Washington Post Keeps Administration's Secret About Drone Base in Saudi Arabia
Major media outlets once again sit on a big story at an administration's request.
Cross-posted from the Arabist.
The Washington Post, among “several” other unnamed news outlets, has reportedly known of a US airstrip in Saudi Arabia that, aside from the apparent distinction of being the first new US base opened on Saudi soil since the 2003 troop withdrawals, was the airstrip that participated in the 2011 raid(s) that killed Anwar al-Awlaki.
According to the Post, it and those outlets have sat on the information for a year at the administration’s request for fear it would jeopardize the base’s security and the secrecy of US combat operations in Yemen, which are also supported by the Saudi Air Force. It is also notable that the US has set up this while still retaining its heaviest aerial assets (which are reserved for contingencies against the Islamic Republic of Iran) in the region in Qatar, so this is solely an anti-AQAP program that’s been set up.
One of the outlets — not the Post — was going to break the self-observed gag order on the basing details, so the details have begun to emerge, which for presumptive CIA Director John Brennan is hardly pleasant news since his Senate confirmation hearings have begun and there is much talk of him throwing a wet towel on the campaign. However, as Matt Appuzo points out, this is not the first we’ve heard of this base. “In addition to Seychelles and Ethiopia, the senior U.S. military official said the United States got permission to fly armed drones from Djibouti, and confirmed the construction of a new airstrip in Saudi Arabia” was what Fox News reported in 2011, citing a Washington Post report on the expansion of drone efforts worldwide, though the remarks quoted above came from Fox’s own source.
Considering how contentious US basing in the Kingdom was when it began in the 1990s (and, we thought, largely came to an end in the 2000s except for the two military training/modernization programs run for the Saudi military and National Guard), one really has to marvel at how this White House earned the accolade of “transparency” in its first term with actions such as these. It’s worth noting that while detailed explanations — but not material evidence or witnesses — have been offered for targeting him as an active AQAP member, there have been no such specifics with regards to the death of his 16-year old son, Abdulrahman, who was killed in an operation against another target few days later — though unlike his father, he had not been deliberately targeted (the operation was targeting an Egyptian national). Bad parenting has even been offered as an explanation — well, justification — by one official for the son’s death once it became clear he was a minor and therefore not subject to the “signature strikes” that treat all adult males in the targeted areas as militant until proven innocent. (NB: Brennan convinced Obama to maintain this policy and have the CIA “tighten its targeting standards,” according to the Daily Beast.)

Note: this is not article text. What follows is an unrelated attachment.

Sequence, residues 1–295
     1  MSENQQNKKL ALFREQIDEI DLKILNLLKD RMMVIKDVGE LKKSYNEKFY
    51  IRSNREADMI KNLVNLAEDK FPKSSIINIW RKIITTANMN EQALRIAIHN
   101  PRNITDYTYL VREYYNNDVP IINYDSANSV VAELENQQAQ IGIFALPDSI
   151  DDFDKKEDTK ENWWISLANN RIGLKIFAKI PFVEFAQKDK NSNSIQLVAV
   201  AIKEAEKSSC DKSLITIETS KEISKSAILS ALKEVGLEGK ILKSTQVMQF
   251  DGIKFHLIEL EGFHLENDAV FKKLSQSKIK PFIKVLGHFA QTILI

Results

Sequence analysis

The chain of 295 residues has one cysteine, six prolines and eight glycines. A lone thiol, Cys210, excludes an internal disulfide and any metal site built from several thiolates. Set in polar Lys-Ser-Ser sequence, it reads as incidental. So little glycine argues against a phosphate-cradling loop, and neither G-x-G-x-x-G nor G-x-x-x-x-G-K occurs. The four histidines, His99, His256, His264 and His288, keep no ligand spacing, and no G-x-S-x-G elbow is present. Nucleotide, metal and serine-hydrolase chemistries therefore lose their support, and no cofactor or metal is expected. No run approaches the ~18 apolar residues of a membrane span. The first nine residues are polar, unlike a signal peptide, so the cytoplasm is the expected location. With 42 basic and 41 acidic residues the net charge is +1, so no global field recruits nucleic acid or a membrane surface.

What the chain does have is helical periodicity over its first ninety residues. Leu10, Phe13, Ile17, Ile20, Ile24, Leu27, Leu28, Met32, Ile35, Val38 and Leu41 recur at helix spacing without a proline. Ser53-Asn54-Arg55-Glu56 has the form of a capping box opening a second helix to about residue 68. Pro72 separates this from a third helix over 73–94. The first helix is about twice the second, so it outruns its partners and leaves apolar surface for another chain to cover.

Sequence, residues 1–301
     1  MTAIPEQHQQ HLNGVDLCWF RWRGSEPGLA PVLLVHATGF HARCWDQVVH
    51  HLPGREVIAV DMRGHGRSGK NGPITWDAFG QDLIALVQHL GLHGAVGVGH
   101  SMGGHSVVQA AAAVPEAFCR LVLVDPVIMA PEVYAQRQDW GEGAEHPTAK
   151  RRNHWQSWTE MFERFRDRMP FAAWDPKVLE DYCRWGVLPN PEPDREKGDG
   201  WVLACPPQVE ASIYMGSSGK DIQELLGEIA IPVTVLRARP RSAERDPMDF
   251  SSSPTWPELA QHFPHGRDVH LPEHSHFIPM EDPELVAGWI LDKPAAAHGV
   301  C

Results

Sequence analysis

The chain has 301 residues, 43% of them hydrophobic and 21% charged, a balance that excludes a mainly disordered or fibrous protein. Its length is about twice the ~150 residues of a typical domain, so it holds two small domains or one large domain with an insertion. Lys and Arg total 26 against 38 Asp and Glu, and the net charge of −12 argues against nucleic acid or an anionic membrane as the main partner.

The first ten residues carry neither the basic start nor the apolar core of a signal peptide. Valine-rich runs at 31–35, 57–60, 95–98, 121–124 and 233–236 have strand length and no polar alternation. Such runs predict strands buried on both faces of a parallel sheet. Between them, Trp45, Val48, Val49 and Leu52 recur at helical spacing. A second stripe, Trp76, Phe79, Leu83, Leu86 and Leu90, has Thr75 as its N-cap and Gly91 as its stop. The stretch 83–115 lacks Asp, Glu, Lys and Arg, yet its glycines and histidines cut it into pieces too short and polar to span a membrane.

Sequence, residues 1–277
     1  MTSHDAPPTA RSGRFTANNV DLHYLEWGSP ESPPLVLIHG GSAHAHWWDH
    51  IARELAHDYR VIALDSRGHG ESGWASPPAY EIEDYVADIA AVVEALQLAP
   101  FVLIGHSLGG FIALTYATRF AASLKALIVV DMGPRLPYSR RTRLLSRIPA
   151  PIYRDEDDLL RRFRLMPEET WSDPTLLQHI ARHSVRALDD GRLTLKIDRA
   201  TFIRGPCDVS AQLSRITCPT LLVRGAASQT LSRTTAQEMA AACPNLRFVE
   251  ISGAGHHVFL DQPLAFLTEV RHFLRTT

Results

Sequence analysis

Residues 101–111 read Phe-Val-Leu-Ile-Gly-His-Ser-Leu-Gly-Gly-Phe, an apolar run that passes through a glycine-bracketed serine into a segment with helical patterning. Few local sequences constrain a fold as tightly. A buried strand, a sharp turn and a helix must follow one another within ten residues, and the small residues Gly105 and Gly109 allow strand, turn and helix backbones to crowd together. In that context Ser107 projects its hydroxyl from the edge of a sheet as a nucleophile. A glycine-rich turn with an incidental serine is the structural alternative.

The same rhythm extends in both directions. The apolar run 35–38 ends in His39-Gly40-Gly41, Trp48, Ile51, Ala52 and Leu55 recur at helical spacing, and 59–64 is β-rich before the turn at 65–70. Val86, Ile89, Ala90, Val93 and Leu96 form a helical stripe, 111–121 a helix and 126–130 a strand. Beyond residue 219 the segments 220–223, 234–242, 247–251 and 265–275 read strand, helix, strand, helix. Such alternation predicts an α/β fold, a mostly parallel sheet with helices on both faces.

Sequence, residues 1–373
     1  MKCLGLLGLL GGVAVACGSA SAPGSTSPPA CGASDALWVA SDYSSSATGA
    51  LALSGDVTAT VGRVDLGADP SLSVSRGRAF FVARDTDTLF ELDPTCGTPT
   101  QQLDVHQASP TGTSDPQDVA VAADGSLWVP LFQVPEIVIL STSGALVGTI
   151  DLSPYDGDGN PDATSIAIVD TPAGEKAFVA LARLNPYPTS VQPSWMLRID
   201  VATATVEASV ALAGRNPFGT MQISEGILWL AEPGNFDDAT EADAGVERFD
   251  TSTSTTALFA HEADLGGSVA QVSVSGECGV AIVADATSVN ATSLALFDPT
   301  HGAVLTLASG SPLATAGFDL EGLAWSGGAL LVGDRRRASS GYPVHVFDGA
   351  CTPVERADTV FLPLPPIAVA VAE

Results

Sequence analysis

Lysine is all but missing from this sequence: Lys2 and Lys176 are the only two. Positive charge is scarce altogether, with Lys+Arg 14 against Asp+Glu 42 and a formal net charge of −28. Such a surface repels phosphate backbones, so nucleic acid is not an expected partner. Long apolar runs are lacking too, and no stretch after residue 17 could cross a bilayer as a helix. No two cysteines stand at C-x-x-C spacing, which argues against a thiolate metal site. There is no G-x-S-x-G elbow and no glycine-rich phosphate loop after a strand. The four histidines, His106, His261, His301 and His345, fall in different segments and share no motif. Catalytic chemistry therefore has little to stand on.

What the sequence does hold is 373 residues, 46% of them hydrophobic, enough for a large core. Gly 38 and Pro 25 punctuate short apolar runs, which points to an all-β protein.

But if we are talking in terms of leaks, then yes, this has been a very “Sunshine Week” for the Administration. Since I’m on the subject of drones — though as Gregory D. Johnson points out drones are not the only weapons the US deploys in the Yemeni and Pakistani highlands — there have been some important new stories out about the US’s national counterterrorism strategy here in the Middle East:
1. The black sites legacy of the Bush Administration detailed in a new OSI report, though as OSI itself notes, “it appears that the Obama administration did not end extraordinary rendition,” though it has been much-scaled back. Both Eli Lake and Jeremy Scahill have been to Somalia in the past two years to report on these alleged CIA black sites and the local prisons that feed into them. However, it is clear that the administration has shied away from the sites in favor of drone operations.
2. Not a leak, but Micah Zenko’s discussion of outgoing SecDef Leon Panetta’s recent remarks on drones is still illuminating into the debate that goes on at these levels.
3. A leaked white paper released by NBC’s Michael Isikoff — perhaps from a White House source not happy with John Brennan (finally) moving (back) to the CIA in Obama’s second term? — that providers more detail on the speeches given by Brennan and others about the criteria for putting people, including US citizens, in the sights. Again, this isn’t the official policy document, but as a white paper signed off on by lawyers within the Administration, it is as good as we are going to get bar the Times or the Post releasing audiotape of a “Terror Tuesday” briefing. Glenn Greenwald details the implications in greater detail here.